New Analysis from FSHC: Costs of Care Visits vs Care Homes
A few hours of care visits a day for elderly people can cost taxpayer more than a permanent place in a care home.
News from 11th July 2014, London: New analysis reveals that providing just a few hours of care visits a day for elderly people in their own homes may be costing the taxpayer more than it would to provide around the clock care in a care home. If the person has a need for more complex nursing care needs or they are receiving supplementary social benefits on top of basic state pension and attendance allowance, then less than two hours of domiciliary care every 24 hours could cost the public purse more than a full time care home place.
Authorities tend to offer domiciliary care support, provided by mobile carers visiting people in their own homes, because it is widely thought to be the least expensive option but for many elderly people it is not the best way to meet their care needs and, when all the hidden associated costs are added, it is often not best value for the public purse.
Around 600,000 people in the UK receive home care, with the overwhelming majority being funded by local authorities.
People who have home care funded by local authorities and who are receiving basic state pension and attendance allowance need only require a carer in their home for a total of about three and three quarter hours out of every 24 hours for the total cost to the taxpayer to be comparable or more expensive than it is to provide around the clock care in a care home.
If the person is receiving more complex nursing care or receiving additional social support such as pension credit and housing benefit then providing between one and three quarter and two hours of domiciliary care every day is likely to cost the taxpayer as much as it would to provide a care home place.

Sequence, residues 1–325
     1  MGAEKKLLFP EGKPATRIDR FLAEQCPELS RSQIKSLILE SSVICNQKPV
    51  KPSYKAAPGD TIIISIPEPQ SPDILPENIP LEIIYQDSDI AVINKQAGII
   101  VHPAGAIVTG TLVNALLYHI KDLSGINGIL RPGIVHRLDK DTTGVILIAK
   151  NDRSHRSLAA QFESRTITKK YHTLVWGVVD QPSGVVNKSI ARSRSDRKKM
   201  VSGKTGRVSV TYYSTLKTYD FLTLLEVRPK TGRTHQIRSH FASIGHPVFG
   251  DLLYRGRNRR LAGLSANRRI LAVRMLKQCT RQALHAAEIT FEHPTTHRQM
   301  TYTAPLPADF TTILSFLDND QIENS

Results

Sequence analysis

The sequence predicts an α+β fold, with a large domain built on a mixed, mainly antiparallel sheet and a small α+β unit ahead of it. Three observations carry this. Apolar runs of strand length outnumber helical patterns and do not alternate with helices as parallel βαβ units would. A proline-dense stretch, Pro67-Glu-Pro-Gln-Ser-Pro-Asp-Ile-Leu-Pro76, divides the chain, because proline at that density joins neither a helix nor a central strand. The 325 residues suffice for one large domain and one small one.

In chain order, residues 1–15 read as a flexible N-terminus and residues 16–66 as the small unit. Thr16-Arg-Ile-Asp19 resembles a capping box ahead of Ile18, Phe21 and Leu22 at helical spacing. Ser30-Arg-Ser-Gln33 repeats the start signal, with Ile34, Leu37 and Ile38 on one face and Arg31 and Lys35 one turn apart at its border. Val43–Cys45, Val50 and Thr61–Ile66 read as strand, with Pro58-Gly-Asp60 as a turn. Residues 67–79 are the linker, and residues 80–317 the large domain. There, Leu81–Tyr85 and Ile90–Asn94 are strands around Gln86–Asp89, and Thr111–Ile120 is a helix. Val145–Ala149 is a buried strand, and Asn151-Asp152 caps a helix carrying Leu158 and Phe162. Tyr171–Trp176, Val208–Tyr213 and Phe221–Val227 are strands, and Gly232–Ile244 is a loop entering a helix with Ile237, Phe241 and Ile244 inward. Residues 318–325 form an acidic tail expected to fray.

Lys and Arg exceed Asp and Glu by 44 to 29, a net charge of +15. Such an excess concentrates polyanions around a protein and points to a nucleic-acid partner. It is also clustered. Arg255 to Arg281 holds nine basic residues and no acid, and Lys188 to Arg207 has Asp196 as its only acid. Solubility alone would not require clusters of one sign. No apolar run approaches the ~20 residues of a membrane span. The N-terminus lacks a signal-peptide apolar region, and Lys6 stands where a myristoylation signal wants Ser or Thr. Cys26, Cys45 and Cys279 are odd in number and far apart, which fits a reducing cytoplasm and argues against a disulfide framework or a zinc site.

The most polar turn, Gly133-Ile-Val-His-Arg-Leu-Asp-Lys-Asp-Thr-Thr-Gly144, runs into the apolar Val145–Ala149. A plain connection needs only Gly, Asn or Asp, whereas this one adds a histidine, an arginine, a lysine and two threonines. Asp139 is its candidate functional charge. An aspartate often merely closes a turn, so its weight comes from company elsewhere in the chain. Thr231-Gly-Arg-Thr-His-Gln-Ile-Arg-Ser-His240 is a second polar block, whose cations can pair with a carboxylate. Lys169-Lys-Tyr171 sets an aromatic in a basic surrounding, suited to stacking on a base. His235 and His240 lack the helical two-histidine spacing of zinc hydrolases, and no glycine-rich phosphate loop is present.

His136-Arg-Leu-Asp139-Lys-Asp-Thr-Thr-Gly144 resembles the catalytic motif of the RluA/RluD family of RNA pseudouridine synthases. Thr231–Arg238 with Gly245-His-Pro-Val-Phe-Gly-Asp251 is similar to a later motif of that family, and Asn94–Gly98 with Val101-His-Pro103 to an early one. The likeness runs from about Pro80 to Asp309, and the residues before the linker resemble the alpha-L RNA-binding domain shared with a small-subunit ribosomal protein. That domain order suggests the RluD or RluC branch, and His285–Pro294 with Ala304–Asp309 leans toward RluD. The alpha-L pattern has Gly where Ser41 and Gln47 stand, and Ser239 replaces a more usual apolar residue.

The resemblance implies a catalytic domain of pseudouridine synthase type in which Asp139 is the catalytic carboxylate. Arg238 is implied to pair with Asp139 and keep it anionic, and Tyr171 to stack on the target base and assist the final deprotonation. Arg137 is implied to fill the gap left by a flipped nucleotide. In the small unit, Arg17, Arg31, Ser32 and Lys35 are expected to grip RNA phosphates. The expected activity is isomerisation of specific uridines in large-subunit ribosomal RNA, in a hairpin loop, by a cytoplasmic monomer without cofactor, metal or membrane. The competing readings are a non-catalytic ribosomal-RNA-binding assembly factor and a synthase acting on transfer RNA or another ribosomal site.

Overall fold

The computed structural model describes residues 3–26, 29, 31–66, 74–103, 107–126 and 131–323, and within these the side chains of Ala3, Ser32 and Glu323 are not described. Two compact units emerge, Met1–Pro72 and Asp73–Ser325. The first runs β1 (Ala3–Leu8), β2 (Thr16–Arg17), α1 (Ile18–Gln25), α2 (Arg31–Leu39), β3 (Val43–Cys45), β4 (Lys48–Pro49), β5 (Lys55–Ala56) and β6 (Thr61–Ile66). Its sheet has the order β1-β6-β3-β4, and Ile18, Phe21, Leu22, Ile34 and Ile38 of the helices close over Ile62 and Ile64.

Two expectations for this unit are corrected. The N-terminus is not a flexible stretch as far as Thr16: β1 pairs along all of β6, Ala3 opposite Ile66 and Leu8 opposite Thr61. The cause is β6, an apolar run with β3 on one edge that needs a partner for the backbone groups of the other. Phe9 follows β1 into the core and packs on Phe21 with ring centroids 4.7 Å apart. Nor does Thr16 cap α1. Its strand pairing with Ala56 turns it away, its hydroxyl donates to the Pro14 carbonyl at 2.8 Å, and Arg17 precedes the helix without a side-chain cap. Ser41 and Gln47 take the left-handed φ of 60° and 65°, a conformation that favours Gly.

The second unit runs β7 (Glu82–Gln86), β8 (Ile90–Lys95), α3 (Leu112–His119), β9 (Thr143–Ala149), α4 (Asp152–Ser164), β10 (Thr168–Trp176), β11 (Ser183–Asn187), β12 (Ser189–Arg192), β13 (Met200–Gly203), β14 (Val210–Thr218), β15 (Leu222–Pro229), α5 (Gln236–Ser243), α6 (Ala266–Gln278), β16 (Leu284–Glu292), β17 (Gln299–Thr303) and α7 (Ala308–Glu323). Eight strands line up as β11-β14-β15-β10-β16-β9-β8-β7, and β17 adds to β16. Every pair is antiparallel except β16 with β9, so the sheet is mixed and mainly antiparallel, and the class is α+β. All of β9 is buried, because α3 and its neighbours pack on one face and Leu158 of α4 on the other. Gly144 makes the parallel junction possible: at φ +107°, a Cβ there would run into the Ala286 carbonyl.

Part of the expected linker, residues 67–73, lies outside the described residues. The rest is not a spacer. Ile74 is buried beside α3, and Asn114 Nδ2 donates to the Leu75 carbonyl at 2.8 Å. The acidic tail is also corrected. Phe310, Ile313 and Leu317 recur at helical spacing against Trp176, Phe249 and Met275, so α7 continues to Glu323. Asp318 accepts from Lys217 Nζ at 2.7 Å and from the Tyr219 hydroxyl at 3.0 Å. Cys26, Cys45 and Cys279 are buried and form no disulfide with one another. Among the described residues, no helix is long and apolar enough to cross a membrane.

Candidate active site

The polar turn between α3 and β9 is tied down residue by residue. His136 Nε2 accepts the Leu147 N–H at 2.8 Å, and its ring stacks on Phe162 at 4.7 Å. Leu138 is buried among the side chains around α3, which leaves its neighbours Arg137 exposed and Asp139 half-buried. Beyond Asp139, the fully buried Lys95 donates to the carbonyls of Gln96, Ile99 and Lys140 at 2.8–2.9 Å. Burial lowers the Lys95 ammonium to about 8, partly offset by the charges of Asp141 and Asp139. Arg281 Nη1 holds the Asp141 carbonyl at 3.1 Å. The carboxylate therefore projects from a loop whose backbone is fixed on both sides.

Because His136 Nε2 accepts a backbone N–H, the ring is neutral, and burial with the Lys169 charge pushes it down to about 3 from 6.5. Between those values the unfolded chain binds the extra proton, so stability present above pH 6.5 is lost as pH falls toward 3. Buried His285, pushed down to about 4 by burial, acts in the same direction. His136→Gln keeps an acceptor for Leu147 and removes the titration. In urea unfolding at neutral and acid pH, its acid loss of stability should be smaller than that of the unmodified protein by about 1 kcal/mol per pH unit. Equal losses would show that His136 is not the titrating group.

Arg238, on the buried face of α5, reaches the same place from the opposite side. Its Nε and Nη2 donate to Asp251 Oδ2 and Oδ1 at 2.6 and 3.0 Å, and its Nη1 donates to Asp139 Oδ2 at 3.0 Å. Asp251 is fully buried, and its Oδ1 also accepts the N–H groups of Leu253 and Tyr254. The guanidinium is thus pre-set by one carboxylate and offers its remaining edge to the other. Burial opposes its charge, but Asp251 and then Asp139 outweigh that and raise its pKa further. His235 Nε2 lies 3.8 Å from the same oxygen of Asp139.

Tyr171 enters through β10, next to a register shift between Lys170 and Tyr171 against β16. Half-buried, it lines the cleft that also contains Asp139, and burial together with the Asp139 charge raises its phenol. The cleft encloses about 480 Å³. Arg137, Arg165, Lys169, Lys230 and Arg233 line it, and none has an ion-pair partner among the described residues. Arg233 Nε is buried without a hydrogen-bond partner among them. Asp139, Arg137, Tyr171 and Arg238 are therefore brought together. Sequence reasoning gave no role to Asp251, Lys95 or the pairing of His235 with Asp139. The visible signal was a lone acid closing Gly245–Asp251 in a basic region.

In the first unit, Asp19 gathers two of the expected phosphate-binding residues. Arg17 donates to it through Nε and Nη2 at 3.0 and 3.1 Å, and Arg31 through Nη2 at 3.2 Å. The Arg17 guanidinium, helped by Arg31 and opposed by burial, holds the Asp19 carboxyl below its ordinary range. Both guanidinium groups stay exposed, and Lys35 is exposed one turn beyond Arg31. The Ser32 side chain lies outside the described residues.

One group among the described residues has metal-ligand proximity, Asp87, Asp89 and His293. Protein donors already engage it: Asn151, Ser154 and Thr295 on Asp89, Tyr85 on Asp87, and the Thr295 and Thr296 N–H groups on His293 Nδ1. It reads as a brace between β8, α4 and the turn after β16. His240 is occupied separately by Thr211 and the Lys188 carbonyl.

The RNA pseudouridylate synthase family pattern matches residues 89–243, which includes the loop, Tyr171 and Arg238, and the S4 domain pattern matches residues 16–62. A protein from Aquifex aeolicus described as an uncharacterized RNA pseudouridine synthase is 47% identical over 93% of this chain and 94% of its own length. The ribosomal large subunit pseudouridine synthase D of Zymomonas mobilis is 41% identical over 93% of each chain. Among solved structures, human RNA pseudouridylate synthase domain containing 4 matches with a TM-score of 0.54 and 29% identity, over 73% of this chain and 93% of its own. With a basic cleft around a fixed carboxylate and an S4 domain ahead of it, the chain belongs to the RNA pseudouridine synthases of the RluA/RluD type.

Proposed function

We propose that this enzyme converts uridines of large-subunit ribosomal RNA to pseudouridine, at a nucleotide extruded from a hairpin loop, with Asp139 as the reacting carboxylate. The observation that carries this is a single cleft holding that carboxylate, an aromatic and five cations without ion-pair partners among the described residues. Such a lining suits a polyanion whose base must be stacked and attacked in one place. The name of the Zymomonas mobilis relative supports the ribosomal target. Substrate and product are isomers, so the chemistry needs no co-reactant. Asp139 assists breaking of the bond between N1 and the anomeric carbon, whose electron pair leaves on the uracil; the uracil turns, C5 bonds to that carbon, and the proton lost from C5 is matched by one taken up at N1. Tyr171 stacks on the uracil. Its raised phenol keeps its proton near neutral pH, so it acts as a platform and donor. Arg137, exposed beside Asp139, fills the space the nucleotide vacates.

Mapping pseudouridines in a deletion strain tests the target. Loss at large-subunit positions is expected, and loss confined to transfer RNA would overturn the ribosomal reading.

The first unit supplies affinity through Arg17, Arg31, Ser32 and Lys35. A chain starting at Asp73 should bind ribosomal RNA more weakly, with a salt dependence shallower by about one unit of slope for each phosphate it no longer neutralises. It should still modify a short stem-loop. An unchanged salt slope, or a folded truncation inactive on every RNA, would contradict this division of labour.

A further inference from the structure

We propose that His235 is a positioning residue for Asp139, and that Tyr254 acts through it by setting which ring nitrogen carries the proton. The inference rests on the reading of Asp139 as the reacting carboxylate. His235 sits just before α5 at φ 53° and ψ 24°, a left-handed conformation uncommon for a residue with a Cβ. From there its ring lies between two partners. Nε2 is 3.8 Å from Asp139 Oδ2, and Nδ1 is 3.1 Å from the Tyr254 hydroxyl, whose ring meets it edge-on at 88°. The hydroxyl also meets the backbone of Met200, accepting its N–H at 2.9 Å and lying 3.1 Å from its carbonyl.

When a high level of care is required, the care home will almost invariably be a more cost-effective and much safer option.
These calculations are based on typical costs of nursing care in an independent sector care home of circa £583 and typical costs of independent sector domiciliary care of circa £14.90 per hour. If the domiciliary care is delivered directly by the local authority then the hourly cost typically is more than double the independent rate.
Ian Smith, Chairman of Four Seasons Health Care, the UK’s largest independent care provider said: people should be supported to live in their own home provided it is what they want and in their best interests. But the decision should not be driven by ideology or financial considerations, rather there should be an informed choice that includes understanding the real costs involved. For this to happen requires a more joined up approach to health and social care funding.
It is cheaper for Local Authorities to provide care for elderly people in their own homes because they have responsibility for financing the care support but under the current funding structure most of the other associated social benefits costs come out of central Government budgets.
The user experience survey conducted on behalf of the NHS Information Centre showed that more people living in care homes are satisfied with the service they get compared to those who receive domiciliary care. About three quarters (73%) of respondents in residential care were extremely or very satisfied with their quality of life, compared to 56% who receive home care.